*this essay was originally published at Why I Stopped
I was a lifetime pleaser of people, desperately seeking their approval so that I would feel loved.
For 30 years I all but tried to make myself invisible, wanting to keep everyone happy and not upset anyone: I minimized my needs, downplayed my feelings, lied about what I wanted or changed it to align with what people wanted around and from me, smiling on the outside the whole time, but feeling like I was slowly dying a little on the inside, and reeling with the shame caused by that dissonance. I did this all so as not to disturb the peace, and shrunk into myself as much as possible; the story I told myself was the if I made myself small enough, quiet enough, pleasant enough, then I would feel loved, and valued and appreciated.
I worked hard at this until it became my nature: I learned to hear what my intuition had to say, then promptly do the opposite, because I was sure that I was always, always wrong, and that somebody, anybody knew better than me. I took all my natural talents and abilities and shoved them under my bed, abandoning all interest in expression, creativity, music, and writing, because I felt that I would be valued more if I studied and pursued areas that were of higher value to others.
I chose relationships and situations and employment in which I felt I had to please everyone around me, feeling overlooked and undervalued – confirming that I would feel loved after i had earned it by proving myself to others and showing them how happy I could make them. I almost constantly strived to make my “presence” known my hiding the real me, and keeping up the appearance of the version of me that I thought would be appealing to whomever was there at the time. I felt like an imposter living in my own skin, not ever knowing why I didn’t feel the way I thought that acting like this would make me feel.
And then I became a mom. And when I became a mom (three times over), I felt this wonder of pure and unconditional love for my daughters, knowing that they could be anyone, do anything, and I would continue to love them how and for whom they were. And that love – that big, bright, nearly blinding love – shone a mirror back on how I felt about myself. I became aware that there was also a little girl in me, lost in there somewhere that I’d abandoned so long ago; I became aware that I had either forgotten about – or more honestly, never bothered to even try – making her happy.
Which changed everything.
I began the big and life-changing work of learning to love myself, a concept I’d previously glossed over and snickered at, or written off as something for the vain and narcissistic. I dug the hell in. I read the books, I listened to interviews, I went to therapy, enrolled in courses, and consumed all of the content that resonated with me, like I was waking up for the first time in a body I’d never truly felt was mine, with a mind that I’d never truly felt connected to.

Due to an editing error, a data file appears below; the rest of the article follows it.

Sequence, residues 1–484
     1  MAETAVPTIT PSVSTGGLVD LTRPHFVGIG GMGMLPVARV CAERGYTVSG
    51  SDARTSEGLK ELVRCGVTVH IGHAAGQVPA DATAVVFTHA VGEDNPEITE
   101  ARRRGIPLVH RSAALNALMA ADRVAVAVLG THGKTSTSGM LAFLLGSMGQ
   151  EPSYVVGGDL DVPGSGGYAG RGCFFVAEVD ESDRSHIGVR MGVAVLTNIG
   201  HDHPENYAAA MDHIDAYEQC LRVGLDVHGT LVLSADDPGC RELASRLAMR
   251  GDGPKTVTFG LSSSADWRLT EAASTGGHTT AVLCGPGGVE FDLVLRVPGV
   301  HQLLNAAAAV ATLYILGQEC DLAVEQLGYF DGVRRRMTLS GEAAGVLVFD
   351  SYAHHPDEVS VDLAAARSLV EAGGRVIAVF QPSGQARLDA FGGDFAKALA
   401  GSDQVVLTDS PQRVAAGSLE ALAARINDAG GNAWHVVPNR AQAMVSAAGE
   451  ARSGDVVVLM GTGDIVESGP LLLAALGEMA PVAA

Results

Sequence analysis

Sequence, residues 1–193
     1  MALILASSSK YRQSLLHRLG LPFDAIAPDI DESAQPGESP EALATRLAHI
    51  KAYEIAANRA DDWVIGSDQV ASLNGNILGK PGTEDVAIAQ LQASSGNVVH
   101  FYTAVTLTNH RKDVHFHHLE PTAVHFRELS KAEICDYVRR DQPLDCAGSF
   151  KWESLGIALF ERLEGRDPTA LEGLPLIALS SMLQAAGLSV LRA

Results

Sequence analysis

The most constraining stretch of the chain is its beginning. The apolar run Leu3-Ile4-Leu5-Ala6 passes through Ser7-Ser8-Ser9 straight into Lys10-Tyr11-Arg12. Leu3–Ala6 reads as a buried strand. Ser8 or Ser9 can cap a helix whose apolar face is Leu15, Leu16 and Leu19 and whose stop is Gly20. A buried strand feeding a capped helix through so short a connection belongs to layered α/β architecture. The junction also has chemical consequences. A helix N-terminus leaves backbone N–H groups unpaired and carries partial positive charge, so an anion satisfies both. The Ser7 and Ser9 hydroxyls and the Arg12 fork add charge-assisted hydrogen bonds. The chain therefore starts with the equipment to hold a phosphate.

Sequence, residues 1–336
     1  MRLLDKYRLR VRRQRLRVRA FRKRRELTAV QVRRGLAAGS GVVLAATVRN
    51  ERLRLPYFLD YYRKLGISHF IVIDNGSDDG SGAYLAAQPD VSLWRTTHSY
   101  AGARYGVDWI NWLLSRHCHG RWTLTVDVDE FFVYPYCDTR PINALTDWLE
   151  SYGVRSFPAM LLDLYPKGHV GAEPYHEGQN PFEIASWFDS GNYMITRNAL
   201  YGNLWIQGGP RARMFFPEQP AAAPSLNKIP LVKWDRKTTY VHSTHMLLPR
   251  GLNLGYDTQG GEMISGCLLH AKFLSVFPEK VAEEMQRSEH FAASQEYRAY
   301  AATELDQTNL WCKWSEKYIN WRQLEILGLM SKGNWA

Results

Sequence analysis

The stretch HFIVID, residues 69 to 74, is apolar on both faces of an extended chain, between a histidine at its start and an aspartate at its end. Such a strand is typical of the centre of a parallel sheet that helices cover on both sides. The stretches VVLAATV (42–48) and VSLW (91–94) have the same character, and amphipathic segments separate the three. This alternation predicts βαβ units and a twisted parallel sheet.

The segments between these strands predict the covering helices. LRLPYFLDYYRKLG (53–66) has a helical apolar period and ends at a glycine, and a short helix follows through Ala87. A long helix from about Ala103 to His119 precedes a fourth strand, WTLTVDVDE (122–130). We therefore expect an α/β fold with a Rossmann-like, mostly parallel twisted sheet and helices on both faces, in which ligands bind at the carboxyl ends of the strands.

I woke up to a brand new world of love and self-discovery, which changed my entire outlook on the world around me. I found meditation and gratitude, which lead me to forgiveness. I found joy and appreciation for living in the moment. I found there are only about three things that truly matter in this life, and the rest is mostly insignificant. I found my natural gifts and abilities, and how they supported my hobbies and interests, and how I could use that whole package to not only heal myself, but engage in an influential writing and coaching practice that would take all of the pain and disdain I’d previously felt, and transmute it into beauty and healing, for myself and for others. I found an ability to look in the mirror and not only truly see the person who was looking back at me, but look back at her with a genuine love and reverence held previous only for my own children.
I found that I could call myself beloved. Once I had the maturity and grace to call myself beloved, to make myself happy and do the things that filled me with delight, I could honour and integrate every part of me – the things I did right, the things I did wrong, and the things I’m still learning I didn’t know.
I stopped trying to make other people happy because I realized that my happiness is dependent only on me, and the happiness of others is dependent on them. I know how to augment and support my happiness with family, friends, and tacos, and I know how to bring my light into the lives of others and share it where it’s most needed. I also know that I am my one true home, and that this is the key to feeling loved: feeling at peace with you, wherever you are.